Say it's so, Milt

PAUL FRIESEN -- Sun Media

, Last Updated: 11:04 AM ET

Milt Stegall finally gave his answer.

No, not that one. Turns out he's going to play the I-may-retire game a little longer.

The answer I was looking for from the Blue Bombers' No. 85 yesterday was why he clammed up following another Grey Cup that got away.

Was he so angry he was afraid of what he might say?

Was he so devastated he was worried he might break down?

Why would the spiritual and inspirational leader of this team leave all those difficult questions for everybody else to handle, including quarterback Ryan Dinwiddie, who nearly cried, he felt so bad about losing the game?

Stegall refused to talk to the public, through the media, not only Sunday night, but Monday, too, upon the Bombers' return.

Why?

"Because I don't have to," Stegall said yesterday. "I don't have to talk."

That's it. No explanation. Not even a hint.

Now that he is talking, he still won't offer any insight into what happened in Sunday's game.

"I can't remember," he said, sounding as pleased with his own ability to avoid questions as with his ability to avoid defenders on the field. "God, I'm good, man."

Yeah, he's good. Probably the best to play this game, all things considered.

But here's something to ponder as the man ponders his own future: the Blue Bombers just might be better off without him in 2008.

Sacrilege, you say? A preposterous thing to even consider?

Not when you remove all emotion from the equation, and look directly at the bottom line.

Stegall pulled in somewhere north of $200,000 -- one published report pegs it at $240,000 -- to pull down 69 passes for 1,108 yards this season, good for seventh place among CFL receivers. The Bombers would no doubt have to cough up that much again to bring him back next year.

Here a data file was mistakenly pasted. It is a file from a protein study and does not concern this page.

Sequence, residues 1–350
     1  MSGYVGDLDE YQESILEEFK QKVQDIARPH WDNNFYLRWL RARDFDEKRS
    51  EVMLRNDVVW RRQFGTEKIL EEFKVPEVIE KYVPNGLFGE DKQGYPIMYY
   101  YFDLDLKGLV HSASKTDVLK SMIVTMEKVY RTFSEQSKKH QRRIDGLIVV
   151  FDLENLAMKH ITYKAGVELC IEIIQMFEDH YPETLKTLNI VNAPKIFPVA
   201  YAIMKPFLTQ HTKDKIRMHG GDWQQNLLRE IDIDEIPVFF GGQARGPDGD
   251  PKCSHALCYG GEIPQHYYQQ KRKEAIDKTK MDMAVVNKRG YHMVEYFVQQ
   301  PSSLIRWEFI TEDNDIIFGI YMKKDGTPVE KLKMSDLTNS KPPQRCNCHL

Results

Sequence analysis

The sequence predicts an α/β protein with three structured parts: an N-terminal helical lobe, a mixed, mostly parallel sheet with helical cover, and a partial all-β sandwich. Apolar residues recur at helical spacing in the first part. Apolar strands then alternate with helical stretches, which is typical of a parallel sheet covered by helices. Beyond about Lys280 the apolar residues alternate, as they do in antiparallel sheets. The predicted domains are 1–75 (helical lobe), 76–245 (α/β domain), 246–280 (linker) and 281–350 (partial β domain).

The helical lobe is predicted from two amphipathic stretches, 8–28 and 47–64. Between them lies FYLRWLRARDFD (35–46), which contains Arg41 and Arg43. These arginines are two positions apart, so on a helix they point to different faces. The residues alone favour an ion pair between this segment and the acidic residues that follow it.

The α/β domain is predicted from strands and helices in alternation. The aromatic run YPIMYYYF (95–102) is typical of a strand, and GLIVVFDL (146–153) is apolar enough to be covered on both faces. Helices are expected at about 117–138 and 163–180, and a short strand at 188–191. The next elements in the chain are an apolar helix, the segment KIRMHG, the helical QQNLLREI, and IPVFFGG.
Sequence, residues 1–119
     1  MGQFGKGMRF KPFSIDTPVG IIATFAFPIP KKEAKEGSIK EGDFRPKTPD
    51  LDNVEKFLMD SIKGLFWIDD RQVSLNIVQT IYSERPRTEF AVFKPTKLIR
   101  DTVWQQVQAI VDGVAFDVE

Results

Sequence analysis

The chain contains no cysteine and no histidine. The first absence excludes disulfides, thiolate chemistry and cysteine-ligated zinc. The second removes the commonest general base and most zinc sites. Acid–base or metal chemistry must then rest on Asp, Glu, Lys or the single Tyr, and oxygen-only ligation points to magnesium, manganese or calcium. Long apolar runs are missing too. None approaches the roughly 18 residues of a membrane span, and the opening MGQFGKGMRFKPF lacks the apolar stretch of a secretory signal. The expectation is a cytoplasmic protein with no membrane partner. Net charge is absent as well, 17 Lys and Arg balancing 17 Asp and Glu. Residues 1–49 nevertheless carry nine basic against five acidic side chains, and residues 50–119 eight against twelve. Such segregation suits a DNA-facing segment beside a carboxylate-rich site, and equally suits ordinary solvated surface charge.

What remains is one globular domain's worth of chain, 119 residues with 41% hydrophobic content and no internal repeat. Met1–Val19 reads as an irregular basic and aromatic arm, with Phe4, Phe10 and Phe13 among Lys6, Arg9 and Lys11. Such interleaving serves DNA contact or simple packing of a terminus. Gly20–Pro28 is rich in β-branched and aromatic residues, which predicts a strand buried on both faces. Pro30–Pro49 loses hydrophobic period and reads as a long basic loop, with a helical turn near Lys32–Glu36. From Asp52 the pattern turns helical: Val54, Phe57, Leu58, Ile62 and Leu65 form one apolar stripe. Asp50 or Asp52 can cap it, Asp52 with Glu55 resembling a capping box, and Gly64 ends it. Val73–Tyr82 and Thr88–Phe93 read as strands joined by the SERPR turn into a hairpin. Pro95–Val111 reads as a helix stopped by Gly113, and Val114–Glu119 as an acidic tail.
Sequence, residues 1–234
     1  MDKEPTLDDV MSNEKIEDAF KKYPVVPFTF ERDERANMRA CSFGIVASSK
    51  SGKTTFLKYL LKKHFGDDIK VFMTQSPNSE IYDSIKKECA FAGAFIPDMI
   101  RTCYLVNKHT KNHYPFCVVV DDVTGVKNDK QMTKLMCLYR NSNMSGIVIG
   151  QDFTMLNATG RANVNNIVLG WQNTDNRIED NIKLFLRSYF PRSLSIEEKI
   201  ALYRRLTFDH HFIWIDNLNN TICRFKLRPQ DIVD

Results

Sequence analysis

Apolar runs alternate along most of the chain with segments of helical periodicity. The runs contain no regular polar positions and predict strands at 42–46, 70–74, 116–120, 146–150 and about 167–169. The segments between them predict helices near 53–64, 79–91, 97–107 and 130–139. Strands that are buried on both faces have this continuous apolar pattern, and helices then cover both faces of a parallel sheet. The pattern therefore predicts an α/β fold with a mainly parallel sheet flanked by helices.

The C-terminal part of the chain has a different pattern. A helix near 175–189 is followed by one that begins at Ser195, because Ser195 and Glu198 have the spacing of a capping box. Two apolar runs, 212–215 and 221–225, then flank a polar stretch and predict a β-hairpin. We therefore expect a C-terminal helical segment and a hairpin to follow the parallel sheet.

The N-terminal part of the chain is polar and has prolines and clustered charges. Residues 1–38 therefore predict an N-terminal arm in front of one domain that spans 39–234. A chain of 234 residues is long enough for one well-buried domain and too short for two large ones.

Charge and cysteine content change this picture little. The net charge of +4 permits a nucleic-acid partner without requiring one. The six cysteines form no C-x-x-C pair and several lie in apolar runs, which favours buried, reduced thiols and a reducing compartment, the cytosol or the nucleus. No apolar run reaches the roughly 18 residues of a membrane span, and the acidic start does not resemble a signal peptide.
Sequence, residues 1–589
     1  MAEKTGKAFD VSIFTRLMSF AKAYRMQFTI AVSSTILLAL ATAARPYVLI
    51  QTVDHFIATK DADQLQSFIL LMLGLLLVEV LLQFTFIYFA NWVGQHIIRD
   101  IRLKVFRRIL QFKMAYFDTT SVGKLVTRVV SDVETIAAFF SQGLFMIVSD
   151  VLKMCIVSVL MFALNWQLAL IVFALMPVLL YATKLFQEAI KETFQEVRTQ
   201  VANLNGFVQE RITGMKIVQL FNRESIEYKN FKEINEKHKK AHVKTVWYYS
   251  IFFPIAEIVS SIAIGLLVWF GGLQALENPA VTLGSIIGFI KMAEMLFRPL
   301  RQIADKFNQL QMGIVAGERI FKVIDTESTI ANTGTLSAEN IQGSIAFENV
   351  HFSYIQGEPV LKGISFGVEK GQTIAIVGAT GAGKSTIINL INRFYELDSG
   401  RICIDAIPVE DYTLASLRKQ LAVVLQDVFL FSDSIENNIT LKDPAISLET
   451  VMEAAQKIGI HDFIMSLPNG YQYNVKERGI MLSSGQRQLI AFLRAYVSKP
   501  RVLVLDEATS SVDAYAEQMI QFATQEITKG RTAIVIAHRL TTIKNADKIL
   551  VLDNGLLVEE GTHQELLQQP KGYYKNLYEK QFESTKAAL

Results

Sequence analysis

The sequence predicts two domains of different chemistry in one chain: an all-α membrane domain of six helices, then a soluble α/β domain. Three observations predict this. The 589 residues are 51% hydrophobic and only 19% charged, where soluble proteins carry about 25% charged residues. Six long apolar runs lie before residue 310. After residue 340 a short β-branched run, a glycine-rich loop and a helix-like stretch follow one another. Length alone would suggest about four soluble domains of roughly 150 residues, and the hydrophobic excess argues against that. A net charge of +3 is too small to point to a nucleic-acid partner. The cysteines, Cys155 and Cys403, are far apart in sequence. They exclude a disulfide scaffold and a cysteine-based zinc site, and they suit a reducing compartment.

Truth is they probably can't afford to, not with the salary cap crunch they face this off-season.

Remember a year ago, when GM Brendan Taman paid out huge bonuses to players just before the Grey Cup, ensuring that money went on the 2006 books instead of '07? It was a loophole used by other teams, too, to get around the new salary cap, enforced for the first time this year.

Players like Doug Brown (about $100,000) and Charles Roberts ($75,000) cashed big cheques then, and earned relatively little this season -- Brown's "official" salary this year was just $50,000, or so.

Stegall signed one of those cap-friendly deals, too.

But next year, the chickens come home to roost. Brown's pay will have to jump six figures on the books, Roberts' close to that.

Stegall's $240,000 would go a long way to keeping the rest of this team together.

Potential free agents Tom Canada and Dan Goodspeed would draw huge interest on the open market. The Bombers will have to pay to keep them.

Quarterback Kevin Glenn is in a position to ask for a significant.


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